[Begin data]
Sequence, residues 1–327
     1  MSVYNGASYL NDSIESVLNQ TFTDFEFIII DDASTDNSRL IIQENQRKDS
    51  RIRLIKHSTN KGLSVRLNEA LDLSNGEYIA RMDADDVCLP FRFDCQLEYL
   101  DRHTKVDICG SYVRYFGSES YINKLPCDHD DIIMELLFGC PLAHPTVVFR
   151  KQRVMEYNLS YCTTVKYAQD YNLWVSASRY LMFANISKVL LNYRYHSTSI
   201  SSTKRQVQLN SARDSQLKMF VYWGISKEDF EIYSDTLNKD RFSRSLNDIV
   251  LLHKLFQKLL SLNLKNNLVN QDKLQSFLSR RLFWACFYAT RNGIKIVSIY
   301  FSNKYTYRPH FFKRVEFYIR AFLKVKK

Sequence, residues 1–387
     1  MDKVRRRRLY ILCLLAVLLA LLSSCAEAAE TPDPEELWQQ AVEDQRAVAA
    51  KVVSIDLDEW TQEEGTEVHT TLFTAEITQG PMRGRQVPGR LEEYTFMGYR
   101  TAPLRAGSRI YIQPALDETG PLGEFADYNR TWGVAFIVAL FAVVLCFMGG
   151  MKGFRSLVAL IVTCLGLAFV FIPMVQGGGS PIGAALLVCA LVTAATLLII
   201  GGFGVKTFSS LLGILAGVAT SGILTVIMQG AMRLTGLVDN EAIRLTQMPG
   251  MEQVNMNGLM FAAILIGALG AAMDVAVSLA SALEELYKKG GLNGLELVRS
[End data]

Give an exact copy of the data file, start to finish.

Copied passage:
Sequence, residues 1–327
     1  MSVYNGASYL NDSIESVLNQ TFTDFEFIII DDASTDNSRL IIQENQRKDS
    51  RIRLIKHSTN KGLSVRLNEA LDLSNGEYIA RMDADDVCLP FRFDCQLEYL
   101  DRHTKVDICG SYVRYFGSES YINKLPCDHD DIIMELLFGC PLAHPTVVFR
   151  KQRVMEYNLS YCTTVKYAQD YNLWVSASRY LMFANISKVL LNYRYHSTSI
   201  SSTKRQVQLN SARDSQLKMF VYWGISKEDF EIYSDTLNKD RFSRSLNDIV
   251  LLHKLFQKLL SLNLKNNLVN QDKLQSFLSR RLFWACFYAT RNGIKIVSIY
   301  FSNKYTYRPH FFKRVEFYIR AFLKVKK

Sequence, residues 1–387
     1  MDKVRRRRLY ILCLLAVLLA LLSSCAEAAE TPDPEELWQQ AVEDQRAVAA
    51  KVVSIDLDEW TQEEGTEVHT TLFTAEITQG PMRGRQVPGR LEEYTFMGYR
   101  TAPLRAGSRI YIQPALDETG PLGEFADYNR TWGVAFIVAL FAVVLCFMGG
   151  MKGFRSLVAL IVTCLGLAFV FIPMVQGGGS PIGAALLVCA LVTAATLLII
   201  GGFGVKTFSS LLGILAGVAT SGILTVIMQG AMRLTGLVDN EAIRLTQMPG
   251  MEQVNMNGLM FAAILIGALG AAMDVAVSLA SALEELYKKG GLNGLELVRS